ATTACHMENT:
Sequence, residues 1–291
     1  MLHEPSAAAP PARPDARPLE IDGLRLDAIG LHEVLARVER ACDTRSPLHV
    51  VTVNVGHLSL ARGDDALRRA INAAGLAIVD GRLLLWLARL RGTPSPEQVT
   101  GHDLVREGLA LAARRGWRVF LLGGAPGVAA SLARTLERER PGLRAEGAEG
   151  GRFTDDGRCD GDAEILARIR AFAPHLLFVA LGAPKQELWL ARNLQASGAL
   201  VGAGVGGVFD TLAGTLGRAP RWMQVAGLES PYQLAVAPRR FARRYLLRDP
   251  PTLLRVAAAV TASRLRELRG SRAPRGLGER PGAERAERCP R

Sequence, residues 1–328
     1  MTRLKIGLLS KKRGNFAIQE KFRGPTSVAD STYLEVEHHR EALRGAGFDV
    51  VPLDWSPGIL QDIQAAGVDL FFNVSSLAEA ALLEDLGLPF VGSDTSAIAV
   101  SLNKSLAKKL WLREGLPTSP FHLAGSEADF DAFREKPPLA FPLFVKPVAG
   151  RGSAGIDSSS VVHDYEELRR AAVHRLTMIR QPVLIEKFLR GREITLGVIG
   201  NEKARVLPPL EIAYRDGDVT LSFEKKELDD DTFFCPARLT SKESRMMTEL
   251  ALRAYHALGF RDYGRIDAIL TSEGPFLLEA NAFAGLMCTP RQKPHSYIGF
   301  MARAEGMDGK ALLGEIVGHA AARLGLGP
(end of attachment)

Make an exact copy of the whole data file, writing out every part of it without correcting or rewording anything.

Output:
Sequence, residues 1–291
     1  MLHEPSAAAP PARPDARPLE IDGLRLDAIG LHEVLARVER ACDTRSPLHV
    51  VTVNVGHLSL ARGDDALRRA INAAGLAIVD GRLLLWLARL RGTPSPEQVT
   101  GHDLVREGLA LAARRGWRVF LLGGAPGVAA SLARTLERER PGLRAEGAEG
   151  GRFTDDGRCD GDAEILARIR AFAPHLLFVA LGAPKQELWL ARNLQASGAL
   201  VGAGVGGVFD TLAGTLGRAP RWMQVAGLES PYQLAVAPRR FARRYLLRDP
   251  PTLLRVAAAV TASRLRELRG SRAPRGLGER PGAERAERCP R

Sequence, residues 1–328
     1  MTRLKIGLLS KKRGNFAIQE KFRGPTSVAD STYLEVEHHR EALRGAGFDV
    51  VPLDWSPGIL QDIQAAGVDL FFNVSSLAEA ALLEDLGLPF VGSDTSAIAV
   101  SLNKSLAKKL WLREGLPTSP FHLAGSEADF DAFREKPPLA FPLFVKPVAG
   151  RGSAGIDSSS VVHDYEELRR AAVHRLTMIR QPVLIEKFLR GREITLGVIG
   201  NEKARVLPPL EIAYRDGDVT LSFEKKELDD DTFFCPARLT SKESRMMTEL
   251  ALRAYHALGF RDYGRIDAIL TSEGPFLLEA NAFAGLMCTP RQKPHSYIGF
   301  MARAEGMDGK ALLGEIVGHA AARLGLGP